Scottish ambulance crews match response time despite 999 increase

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Image caption Ambulance crews matched last year's average response time to life-threatening incidents

The Scottish Ambulance Service has maintained its average response time of 6.5 minutes to the most serious life-threatening incidents, despite a 10% increase in calls.

The quickest responses last year were six minutes in Greater Glasgow and Clyde and 6.2 in Lothian and Fife.

The longest average times were 8.1 minutes in Orkney and 10 minutes in Shetland.

Crews also saved the lives of 509 people who suffered a cardiac arrest.

Overall, they responded to 105,200 of the most serious incidents within eight minutes, which is an increase of 8,285 - or 22 more every day.

Ambulance service chairman David Garbutt told the service's annual public review that 77,399 people were treated at the scene, reducing inappropriate attendance at A&E units.

He said: "Our staff recognise that the patient is at the heart of everything that we do.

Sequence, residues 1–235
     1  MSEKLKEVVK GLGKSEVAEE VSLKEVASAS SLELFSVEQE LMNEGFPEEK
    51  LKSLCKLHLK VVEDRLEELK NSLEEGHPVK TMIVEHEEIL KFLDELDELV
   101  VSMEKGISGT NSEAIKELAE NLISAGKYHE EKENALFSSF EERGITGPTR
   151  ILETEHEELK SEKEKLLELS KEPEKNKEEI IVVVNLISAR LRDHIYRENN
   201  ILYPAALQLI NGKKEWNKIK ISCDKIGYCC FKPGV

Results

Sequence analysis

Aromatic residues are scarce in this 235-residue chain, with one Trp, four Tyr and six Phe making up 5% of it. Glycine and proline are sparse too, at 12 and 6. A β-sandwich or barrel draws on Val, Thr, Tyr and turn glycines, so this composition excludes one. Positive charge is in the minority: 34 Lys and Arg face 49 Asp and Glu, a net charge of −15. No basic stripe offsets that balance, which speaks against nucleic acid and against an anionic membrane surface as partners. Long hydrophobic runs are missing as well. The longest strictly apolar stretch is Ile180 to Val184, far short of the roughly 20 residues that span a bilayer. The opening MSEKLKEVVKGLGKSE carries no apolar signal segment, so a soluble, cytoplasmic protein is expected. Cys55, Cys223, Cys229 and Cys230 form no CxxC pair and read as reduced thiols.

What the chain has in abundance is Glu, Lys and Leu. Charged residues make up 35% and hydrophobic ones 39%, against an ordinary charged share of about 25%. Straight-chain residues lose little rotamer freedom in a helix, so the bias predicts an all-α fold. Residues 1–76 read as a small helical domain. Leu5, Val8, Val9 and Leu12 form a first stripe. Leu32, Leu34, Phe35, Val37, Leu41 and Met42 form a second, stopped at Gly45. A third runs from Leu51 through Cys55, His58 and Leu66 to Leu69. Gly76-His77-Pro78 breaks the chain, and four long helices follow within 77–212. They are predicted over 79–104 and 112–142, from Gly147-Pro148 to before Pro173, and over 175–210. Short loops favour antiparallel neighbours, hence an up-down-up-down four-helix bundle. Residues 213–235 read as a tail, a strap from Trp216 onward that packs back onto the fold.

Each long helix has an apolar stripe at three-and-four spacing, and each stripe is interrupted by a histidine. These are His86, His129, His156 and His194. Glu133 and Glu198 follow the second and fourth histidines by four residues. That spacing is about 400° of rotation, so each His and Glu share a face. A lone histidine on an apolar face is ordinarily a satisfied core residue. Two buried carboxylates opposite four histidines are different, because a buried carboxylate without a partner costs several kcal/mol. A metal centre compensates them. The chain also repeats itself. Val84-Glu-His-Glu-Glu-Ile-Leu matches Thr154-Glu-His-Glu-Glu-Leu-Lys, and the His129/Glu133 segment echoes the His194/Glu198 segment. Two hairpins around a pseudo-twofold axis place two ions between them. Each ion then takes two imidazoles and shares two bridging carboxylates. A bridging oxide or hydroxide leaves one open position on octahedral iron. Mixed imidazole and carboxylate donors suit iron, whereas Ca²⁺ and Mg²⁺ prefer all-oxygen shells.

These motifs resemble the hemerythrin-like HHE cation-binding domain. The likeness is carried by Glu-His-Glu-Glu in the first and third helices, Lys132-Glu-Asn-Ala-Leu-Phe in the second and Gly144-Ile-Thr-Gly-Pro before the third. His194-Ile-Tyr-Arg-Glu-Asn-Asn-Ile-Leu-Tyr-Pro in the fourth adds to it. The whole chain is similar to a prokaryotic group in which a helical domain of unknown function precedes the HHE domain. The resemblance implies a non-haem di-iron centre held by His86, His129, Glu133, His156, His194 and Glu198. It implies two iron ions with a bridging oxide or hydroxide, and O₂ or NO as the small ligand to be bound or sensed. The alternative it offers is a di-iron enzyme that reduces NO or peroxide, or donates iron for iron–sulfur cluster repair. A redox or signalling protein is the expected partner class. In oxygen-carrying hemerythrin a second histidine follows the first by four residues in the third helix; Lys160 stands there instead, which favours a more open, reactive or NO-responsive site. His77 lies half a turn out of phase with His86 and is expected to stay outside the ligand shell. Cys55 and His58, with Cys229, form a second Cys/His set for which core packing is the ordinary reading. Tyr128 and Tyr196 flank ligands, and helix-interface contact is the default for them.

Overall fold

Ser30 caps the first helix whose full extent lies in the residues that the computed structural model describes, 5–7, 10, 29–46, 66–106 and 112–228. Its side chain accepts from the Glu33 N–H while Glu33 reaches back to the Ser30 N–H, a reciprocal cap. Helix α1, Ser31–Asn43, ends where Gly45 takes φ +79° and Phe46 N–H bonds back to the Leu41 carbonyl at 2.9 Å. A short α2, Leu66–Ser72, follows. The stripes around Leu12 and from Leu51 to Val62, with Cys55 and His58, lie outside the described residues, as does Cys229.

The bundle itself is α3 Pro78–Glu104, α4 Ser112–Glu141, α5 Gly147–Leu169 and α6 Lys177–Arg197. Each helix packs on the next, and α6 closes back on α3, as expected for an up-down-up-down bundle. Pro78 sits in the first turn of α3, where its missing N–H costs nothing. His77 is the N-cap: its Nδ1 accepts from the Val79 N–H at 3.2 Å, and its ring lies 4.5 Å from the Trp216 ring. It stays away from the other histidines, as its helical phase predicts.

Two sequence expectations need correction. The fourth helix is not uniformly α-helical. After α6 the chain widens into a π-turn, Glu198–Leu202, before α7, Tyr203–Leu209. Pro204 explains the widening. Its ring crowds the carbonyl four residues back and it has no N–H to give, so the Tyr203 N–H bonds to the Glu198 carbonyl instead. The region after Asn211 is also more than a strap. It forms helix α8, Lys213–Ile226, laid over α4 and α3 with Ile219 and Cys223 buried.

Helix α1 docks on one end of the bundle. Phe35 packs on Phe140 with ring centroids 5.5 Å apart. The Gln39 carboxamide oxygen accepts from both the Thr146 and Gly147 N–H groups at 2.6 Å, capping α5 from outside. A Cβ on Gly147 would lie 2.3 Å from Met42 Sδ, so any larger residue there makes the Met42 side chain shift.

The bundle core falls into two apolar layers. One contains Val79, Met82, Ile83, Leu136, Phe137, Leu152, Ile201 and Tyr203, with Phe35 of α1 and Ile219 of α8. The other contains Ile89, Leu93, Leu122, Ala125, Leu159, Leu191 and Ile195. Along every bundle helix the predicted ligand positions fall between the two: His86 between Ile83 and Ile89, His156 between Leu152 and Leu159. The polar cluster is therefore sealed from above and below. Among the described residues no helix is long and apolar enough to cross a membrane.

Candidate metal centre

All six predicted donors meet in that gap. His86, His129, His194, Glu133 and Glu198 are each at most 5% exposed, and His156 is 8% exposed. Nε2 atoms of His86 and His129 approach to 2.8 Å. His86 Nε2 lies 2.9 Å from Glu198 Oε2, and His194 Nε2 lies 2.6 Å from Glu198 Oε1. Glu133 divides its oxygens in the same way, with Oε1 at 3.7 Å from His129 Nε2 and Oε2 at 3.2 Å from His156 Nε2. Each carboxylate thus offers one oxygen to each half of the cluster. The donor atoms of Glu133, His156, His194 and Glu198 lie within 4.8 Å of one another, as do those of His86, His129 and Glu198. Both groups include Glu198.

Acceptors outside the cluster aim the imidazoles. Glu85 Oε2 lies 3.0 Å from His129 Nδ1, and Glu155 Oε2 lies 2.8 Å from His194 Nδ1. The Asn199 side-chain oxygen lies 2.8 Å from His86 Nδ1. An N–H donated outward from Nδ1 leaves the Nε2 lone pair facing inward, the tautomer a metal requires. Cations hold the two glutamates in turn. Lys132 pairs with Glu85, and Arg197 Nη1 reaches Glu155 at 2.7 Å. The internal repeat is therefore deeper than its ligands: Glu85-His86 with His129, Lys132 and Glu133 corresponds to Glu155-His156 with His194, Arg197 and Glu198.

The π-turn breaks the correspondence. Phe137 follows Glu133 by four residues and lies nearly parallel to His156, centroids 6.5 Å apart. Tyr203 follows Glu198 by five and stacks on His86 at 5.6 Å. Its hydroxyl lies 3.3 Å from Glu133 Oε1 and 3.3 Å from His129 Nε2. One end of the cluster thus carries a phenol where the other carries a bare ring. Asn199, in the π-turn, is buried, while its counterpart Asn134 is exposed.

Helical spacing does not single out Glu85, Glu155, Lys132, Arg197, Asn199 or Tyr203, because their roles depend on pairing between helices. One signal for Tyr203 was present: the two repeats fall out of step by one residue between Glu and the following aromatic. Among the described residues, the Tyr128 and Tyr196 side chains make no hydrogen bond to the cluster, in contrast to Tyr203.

"They continue to demonstrate their dedication and commitment to patients, delivering care with sensitivity and understanding in what are sometimes very challenging situations."

Mr Garbutt revealed that the specialised national resilience team had spent much of the year preparing detailed operational plans for the Commonwealth Games.

He said: "There will be 240 ambulance staff dedicated to providing medical cover at Glasgow 2014 using a variety of vehicles, including 36 ambulances and a number of motorbikes and bicycles, in order to respond immediately to any medical emergencies."

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